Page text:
Why The Salon Is Better Than Church

Remember when Elle Woods used the salon as therapy? She was so right on.
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Sara Benincasa
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Remember when Elle Woods used the salon as therapy? She was so right on.

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Behold the magical hands of Justin Born, Bloom Beauty Lounge stylist and native West Virginian.

I don't go to church, but I do go to the salon -- which, in my experience, is vastly more satisfying. Instead of emerging with a droplet of shitty wine, a crappy magic cracker and a dollop of guilt in my belly, I leave looking and feeling fucking fabulous. I spent three and a half hours yesterday at my beloved Bloom Beauty Lounge in Chelsea under the care of the excellent stylist (and fellow comedic storyteller!) Justin Born, and it got me thinking about why I so love these temples of follicular mastery.

I come from a hairdressing lineage. My mom used to sweep the floor in my grandmother's beauty pahlah, and my great-grandmother and great-aunt used to do old ladies' hair in a makeshift basement salon on West Main Street in Bound Brook, New Jersey.

I basically grew up in my mom's best friend's hair salon, where I enjoyed sitting in the adjustable chairs and listening to tales of sexual adventures and other shenanigans in which I wasn't yet old enough to partake. The smell of wet hair being blown dry (but not burnt!) fills me with nostalgia in the way that the smell of, I don't know, pie baking in an oven might if my mom had ever baked a pie. 

In high school, even though I was inarguably college-bound, I thought about going through the cosmetology program. I remember trying to figure out how to fit it in with the rest of my schedule. Now, with an undergraduate degree from a private college and a master's degree from a pricey private university, I kind of wish I'd done the cosmetology program and gotten my hairdressing and nail tech licenses -- at least I'd have a marketable fucking skill and know a trade.

I undoubtedly would've stuck out like a sore thumb among the gum-cracking, fast-talking tough girls who took the classes, but maybe they would've helped me improve my woeful understanding of chemistry and let me cheat off their exams. They all seemed to have much older boyfriends and to have been unburdened of their maidenheads at rather an early age.

These girls knew things I didn't -- how to trim a cuticle without drawing blood; how to get drunk without throwing up; and how to talk to stupid boys in a way that made them feel smart and manly.

I vividly recall a speech one of the "cos girls" made in health class. We were discussing proper dating etiquette, and she looked around at the 16- and 17-year old boys in our class and finally burst out, "You know why I don't date guys in our grade? Because you're all pieces of shit! My boyfriend is five years older than me and he does everything for me. If we go to the mall and I want a dress, he buys it for me. If I want a stick of fucking gum, he gets it for me. You assholes can't do shit, and some of you can't even drive." Ooh, sick burn!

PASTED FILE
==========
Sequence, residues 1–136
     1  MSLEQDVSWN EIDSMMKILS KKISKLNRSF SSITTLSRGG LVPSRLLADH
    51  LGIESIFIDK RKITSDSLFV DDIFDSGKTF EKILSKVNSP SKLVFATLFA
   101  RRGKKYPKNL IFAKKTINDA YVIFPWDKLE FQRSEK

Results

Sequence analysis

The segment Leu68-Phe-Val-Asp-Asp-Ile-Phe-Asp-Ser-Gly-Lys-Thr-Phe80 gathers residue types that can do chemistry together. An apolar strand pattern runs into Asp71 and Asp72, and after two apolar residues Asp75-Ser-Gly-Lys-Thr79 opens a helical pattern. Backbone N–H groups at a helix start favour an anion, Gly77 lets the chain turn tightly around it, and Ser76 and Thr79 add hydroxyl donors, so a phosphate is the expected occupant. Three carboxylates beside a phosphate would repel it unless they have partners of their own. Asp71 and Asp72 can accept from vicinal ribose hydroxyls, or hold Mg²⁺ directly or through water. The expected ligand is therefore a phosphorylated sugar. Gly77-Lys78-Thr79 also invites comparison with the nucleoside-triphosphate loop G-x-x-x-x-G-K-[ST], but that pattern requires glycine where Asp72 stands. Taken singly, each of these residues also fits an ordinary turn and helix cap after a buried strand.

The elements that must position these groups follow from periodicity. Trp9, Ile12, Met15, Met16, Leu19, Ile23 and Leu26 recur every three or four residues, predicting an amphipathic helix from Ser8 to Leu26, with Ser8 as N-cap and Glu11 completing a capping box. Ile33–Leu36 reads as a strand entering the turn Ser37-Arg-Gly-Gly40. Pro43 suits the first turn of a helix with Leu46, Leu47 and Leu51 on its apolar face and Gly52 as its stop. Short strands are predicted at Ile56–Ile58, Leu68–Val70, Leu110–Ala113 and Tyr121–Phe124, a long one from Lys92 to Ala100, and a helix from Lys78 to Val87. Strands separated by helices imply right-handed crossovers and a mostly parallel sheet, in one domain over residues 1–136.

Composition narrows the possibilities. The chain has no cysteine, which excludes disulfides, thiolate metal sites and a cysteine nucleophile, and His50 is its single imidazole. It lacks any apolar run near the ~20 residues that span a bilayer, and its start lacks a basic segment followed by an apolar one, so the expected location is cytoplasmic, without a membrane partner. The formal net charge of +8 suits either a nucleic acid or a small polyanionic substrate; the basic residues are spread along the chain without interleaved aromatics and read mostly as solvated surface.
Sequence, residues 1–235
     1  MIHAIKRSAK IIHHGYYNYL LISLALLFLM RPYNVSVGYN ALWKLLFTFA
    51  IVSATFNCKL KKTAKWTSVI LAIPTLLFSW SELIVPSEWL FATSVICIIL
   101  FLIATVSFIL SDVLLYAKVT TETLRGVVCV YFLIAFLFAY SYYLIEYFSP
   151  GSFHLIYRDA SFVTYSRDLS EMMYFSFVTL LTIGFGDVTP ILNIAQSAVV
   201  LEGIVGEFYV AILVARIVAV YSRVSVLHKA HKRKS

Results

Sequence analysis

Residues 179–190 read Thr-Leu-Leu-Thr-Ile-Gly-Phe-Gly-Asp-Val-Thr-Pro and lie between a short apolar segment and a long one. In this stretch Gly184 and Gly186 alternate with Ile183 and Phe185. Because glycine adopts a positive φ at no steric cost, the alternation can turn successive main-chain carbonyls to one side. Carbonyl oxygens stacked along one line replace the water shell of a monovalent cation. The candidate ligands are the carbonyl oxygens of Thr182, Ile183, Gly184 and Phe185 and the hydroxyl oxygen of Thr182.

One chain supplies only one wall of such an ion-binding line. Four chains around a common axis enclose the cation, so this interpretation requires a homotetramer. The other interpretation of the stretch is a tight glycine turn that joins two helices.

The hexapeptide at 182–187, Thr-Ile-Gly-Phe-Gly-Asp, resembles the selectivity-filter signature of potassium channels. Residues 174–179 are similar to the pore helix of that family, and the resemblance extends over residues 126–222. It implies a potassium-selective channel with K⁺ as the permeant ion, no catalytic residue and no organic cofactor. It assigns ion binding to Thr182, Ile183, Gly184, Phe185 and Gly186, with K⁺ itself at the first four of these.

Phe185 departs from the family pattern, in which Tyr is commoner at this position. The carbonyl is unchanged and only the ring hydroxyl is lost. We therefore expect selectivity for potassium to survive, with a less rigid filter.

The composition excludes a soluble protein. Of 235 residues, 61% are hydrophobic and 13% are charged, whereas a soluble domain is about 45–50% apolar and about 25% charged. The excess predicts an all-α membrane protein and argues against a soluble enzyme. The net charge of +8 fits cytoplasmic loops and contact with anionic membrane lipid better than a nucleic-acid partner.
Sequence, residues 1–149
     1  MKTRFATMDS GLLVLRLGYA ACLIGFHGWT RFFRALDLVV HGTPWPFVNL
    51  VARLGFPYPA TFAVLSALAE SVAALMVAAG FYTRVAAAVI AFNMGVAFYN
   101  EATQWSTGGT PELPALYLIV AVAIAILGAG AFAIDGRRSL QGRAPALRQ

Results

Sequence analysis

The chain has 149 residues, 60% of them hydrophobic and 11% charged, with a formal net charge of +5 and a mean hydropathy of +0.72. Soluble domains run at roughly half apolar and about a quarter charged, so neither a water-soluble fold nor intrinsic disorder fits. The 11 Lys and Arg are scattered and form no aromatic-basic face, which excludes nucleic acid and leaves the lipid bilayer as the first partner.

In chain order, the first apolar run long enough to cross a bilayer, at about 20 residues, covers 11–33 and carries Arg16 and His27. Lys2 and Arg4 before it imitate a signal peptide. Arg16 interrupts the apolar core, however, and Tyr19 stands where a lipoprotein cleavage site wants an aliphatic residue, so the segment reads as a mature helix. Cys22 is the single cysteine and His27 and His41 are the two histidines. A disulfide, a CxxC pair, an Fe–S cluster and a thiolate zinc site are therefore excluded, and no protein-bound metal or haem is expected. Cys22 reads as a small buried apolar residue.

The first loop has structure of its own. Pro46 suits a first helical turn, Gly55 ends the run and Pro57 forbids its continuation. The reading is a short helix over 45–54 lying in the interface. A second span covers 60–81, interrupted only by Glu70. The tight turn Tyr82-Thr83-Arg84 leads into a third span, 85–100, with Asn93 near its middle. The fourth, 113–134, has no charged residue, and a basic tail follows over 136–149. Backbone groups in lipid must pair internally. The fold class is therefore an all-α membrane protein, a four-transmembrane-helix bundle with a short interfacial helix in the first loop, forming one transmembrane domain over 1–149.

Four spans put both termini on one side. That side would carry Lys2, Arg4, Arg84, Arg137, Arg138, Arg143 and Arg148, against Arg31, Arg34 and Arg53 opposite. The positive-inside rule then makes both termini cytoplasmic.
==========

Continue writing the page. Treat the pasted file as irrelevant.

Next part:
I marveled at her outrage, and wondered what it would be like to have a boyfriend who did everything for you. I had a vague notion that there was something antifeminist about this, but it sounded kind of cool. And her hair always looked great.

Now, as I contemplate my upcoming move to Los Angeles (I wants to write for the teevee box) and neurotically entertain the possibility of abject failure in my latest career of choice, I find myself drifting back to dreams of being a hairdresser.

The chemistry part of hair color freaks me out, as does the whole thing with the scissors, so maybe I'm not the best candidate. Can you make a career out of just doing updos and blowouts? Probably not. I'd be better off getting my massage license and specialize in destressing clients with particular emphasis on ignoring male customers' NRBs (No Reason Boners -- these apparently just happen to guys sometimes, did you know?)

Anyway, the hair salon. It's a magical place where you might engage in local gossip (if you're in a small-town joint), celebrity gossip (if there are trashy magazines on hand, which there will be), or even discussions of deeper spiritual matters (like many artists, some hairstylists are impressively intuitive). I find that the ideal population of an individual hair salon is heavy on the ladies and queer-identified folks of any gender, as the presence of a straight dude always throws the vibe off for me, somehow.

It's like serving spaghetti and meatballs with a side of candied yams -- both are independently delicious, but don't make sense in combination. You dig? Anytime I sit in a salon chair next to a straight dude client, I feel like I just watched my dad accidentally wander into the women's dressing room at Macy's: awk-ward.

Plus, if the dude is hot, everyone gets distracted by him and is just really waiting for him to leave so we can all talk about him, anyway.

The salon gives me everything I'd want out of church and more: relaxation, laughter, excitement, reflection (do not tell me that big hairdryer is not a cave of meditation), fellowship, communion with other human souls, and soft, manageable hair. It is also a place of confessional therapy -- after all, you're spilling your guts to a licensedprofessional, so it's probably fine.

So let us celebrate the soothing and restorative powers of the mighty hair salon! For lo, it is a glorious place. Have stories of your own hair-related spiritual ecstasy? Do share. Oh, please do. Or just shout out your stylist, who undoubtedly works his/her ass off.